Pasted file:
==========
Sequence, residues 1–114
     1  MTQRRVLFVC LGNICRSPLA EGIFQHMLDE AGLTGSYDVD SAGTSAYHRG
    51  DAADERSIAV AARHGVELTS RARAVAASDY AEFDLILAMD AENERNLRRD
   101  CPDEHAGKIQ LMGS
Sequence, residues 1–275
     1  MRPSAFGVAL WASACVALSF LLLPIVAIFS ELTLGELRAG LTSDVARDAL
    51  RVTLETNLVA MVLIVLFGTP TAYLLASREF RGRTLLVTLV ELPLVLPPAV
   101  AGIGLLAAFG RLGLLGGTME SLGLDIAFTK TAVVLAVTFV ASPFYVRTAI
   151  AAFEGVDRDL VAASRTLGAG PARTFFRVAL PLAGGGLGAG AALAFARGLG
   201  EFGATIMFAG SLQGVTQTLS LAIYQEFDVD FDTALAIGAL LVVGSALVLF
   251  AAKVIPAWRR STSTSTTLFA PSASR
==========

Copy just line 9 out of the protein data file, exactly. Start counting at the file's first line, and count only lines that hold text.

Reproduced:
   151  AAFEGVDRDL VAASRTLGAG PARTFFRVAL PLAGGGLGAG AALAFARGLG